The stories of my immediate family’s experience of racism were not the only thing that shaped me. Years ago, my aunt Len shared a story about my great-­uncle Willie Junior (my mother’s uncle), who passed away before I had the chance to know him. As a young man, he migrated to New York City sometime in the 1950s to escape the racial terror of Jim Crow laws. He’d had enough of pretending to be docile even when being called “boy”—­or worse—­by white people, so he was one of thousands who made the move in hopes of finding a better way of life and job opportunities beyond sharecropping or serving as a house servant. However, much to his dismay, he was greeted in northern states with what some called “James Crow” laws—­laws that, while not as draconian as the Jim Crow segregation laws in the South, still disadvantaged non-­white people. So, imagine the rage he must have felt when he realized the conditions in the North were not that much better. Imagine his anger when he realized white systems are the same, no matter where you go.

After living in the North for some time, my great-­uncle, whom we affectionally called Uncle Brother, returned home to visit my great-­grandfather Willie Nicholson, an illiterate Southern Black man who worked as a country sharecropper, port laborer, and railroad hand in an effort to create a better way for his children. My great-­grandfather endured insults, being called every name in the book. I’m sure he took a beating or two along the way. He was trained not to look into the eyes of a white man, not to walk on the same side of the sidewalk, and to call every white person “mister” or “missus,” regardless of their age, though my great-­grandfather was a landowner. He had inherited twenty acres of farmland from his mom, who had received a portion of the land where her mother, Sally McQueen, was enslaved.

Over the years, my great-­uncle had watched as his father (my great-­grandfather) fought to retain ownership of his land. He saw white people pull out forged deeds for the property, hoping to steal it from his father. My great-­uncle discovered that his father had to hire a lawyer so he wouldn’t lose the land. The system was stacked against Black men, and my great-­uncle knew it. So, while visiting his father, my great-­uncle heard him call a white gas station attendant “sir,” and he lost it. When they climbed back in the car, he exploded, telling my great-­grandfather to stop being so polite to all the white men who’d mistreated him for so many years.

As the family story goes, my great-­uncle tore into his father. “They ain’t no sirs or misters!” he yelled. It’s said that my great-­grandfather didn’t yell back but simply replied that a Black man living in the South has to make some concessions to get along and survive. That was that.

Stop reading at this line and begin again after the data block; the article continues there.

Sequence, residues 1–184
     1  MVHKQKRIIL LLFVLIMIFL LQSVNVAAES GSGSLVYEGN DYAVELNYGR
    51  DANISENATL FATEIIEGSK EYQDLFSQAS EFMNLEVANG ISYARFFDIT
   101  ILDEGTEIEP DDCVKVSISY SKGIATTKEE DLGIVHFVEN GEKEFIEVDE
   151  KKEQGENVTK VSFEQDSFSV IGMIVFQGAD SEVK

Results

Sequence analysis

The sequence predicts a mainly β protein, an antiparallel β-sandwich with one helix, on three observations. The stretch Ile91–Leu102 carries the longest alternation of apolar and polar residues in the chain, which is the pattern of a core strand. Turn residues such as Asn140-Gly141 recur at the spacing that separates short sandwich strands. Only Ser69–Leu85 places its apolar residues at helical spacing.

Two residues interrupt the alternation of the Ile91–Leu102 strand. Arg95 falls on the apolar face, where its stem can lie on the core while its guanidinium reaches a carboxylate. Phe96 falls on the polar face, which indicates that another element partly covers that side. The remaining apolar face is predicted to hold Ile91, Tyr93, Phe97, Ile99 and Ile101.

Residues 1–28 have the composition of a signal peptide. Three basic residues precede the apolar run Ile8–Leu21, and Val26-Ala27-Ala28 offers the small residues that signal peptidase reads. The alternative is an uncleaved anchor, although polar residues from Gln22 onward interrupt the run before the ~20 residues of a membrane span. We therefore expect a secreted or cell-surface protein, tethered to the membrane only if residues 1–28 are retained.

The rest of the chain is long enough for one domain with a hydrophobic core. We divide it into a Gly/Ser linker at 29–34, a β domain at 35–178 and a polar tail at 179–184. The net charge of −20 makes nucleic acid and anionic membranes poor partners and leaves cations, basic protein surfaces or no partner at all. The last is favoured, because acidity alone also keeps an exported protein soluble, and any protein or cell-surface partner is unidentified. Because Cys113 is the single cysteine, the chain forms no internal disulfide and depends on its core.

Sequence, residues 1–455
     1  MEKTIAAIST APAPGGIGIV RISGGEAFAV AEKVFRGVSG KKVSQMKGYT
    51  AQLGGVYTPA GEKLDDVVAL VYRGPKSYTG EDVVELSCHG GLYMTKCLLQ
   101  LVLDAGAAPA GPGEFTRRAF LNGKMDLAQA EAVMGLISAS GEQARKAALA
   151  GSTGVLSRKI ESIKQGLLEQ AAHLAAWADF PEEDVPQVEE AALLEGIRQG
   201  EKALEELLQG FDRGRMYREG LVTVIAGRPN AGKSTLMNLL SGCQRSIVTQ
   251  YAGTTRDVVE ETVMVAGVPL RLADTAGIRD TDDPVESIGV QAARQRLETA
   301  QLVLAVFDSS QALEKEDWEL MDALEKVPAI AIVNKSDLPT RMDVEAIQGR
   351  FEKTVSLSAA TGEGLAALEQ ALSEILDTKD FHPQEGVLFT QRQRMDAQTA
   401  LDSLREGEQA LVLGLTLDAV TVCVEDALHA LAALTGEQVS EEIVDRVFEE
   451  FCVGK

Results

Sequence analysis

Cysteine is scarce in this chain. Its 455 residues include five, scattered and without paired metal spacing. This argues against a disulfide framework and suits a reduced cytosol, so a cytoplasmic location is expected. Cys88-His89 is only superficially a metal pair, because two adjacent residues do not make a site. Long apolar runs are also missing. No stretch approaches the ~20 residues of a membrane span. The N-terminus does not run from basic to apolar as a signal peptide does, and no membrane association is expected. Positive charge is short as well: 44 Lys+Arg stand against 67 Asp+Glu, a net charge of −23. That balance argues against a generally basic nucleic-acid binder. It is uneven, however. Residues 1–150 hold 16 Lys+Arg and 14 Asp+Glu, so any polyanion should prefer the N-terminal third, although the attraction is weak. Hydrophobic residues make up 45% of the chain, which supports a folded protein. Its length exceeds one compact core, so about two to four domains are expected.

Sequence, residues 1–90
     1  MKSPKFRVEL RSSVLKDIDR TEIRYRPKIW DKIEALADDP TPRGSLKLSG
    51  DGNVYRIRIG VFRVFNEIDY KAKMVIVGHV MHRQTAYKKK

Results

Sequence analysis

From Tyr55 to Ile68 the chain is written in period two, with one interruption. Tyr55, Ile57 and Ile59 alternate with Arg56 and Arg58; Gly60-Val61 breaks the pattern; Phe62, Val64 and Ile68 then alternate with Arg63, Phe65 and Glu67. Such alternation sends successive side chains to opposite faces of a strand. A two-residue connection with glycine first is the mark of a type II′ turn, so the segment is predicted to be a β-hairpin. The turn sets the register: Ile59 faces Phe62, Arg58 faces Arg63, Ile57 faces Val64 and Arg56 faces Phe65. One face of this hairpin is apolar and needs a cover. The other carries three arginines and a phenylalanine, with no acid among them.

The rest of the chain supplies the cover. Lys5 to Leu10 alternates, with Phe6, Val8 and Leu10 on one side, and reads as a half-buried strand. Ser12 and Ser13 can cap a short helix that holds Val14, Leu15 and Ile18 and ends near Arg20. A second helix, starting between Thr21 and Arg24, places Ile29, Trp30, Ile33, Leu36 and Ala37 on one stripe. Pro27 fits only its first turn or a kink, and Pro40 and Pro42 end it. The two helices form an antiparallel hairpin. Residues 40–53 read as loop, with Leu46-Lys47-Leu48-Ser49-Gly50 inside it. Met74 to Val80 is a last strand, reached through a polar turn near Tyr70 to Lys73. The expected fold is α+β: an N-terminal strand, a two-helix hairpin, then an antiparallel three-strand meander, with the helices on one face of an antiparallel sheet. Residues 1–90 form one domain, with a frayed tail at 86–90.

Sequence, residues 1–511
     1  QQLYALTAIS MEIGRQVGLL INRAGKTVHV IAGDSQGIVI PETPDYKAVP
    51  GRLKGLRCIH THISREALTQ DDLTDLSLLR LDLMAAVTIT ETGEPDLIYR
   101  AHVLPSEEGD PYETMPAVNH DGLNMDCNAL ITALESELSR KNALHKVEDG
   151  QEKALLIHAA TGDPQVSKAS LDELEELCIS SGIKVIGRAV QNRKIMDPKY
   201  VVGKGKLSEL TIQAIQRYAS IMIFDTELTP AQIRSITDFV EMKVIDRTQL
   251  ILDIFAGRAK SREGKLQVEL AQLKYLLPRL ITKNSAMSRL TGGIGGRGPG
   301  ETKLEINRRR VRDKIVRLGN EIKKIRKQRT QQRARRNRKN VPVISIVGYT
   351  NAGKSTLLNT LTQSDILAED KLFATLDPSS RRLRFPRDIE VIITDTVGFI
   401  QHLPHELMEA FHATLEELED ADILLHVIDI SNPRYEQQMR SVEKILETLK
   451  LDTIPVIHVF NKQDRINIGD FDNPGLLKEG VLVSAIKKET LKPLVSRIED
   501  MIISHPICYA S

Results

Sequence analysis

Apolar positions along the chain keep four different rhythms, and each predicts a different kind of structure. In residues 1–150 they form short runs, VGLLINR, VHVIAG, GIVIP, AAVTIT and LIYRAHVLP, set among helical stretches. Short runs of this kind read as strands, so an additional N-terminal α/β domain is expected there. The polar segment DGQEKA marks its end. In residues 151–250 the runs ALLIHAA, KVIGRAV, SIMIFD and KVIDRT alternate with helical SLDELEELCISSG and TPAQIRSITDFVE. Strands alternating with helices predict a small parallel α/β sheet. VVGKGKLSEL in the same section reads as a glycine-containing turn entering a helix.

My great-­grandfather learned to put on a polite face and call the white men of his community “sir” as his small concession for survival. By doing so, he’d gotten into less trouble than many of his other Black friends, and he’d enjoyed a little more prosperity too.

Times have changed—­or at least they’ve been rebranded. Schools celebrate Black History Month. (Though as of the writing of this book, some public schools restrict the teaching of Black history, claiming that it’s “woke” or Marxist.) Companies have diversity and inclusion committees. But even so, as you’ll see throughout this book, there are still many spaces where people of color are silenced, underrepresented, and underserved. You’ll meet a Black military member who was told he was too intimidating, that he should tone it down. You’ll meet a professional athlete who was blackballed by the National Football League for standing against racism. You’ll read about people of color who were arrested for sitting in a restaurant. You’ll see the way systems of racism are woven into the modern fabric of American life. As a result, even in a modern America where slavery and Jim Crow have been abolished, many BIPOC continue to do just what my great-grandfather did—­they go along to get along.

Author

LATASHA MORRISON is a bridge-builder, reconciler, and a compelling voice in the fight for racial justice. Ebony magazine recognized her as one of their 2017 Power 100 for her work as a community crusader. Tasha has spoken across the country at events that include: IF:Gathering, Justice Conference, Youth Specialties, Catalyst, Orange Conference, MOPS International, and many others. A native of North Carolina, Tasha earned degrees in human development and business leadership. In 2016 she founded Be the Bridge to inspire and equip ambassadors of racial reconciliation. In addition to equipping more than 1,000 sub-groups across five countries, Be the Bridge hosts a closed, moderated online community of bridge-builders on Facebook with more than 20,000 members. View titles by Latasha Morrison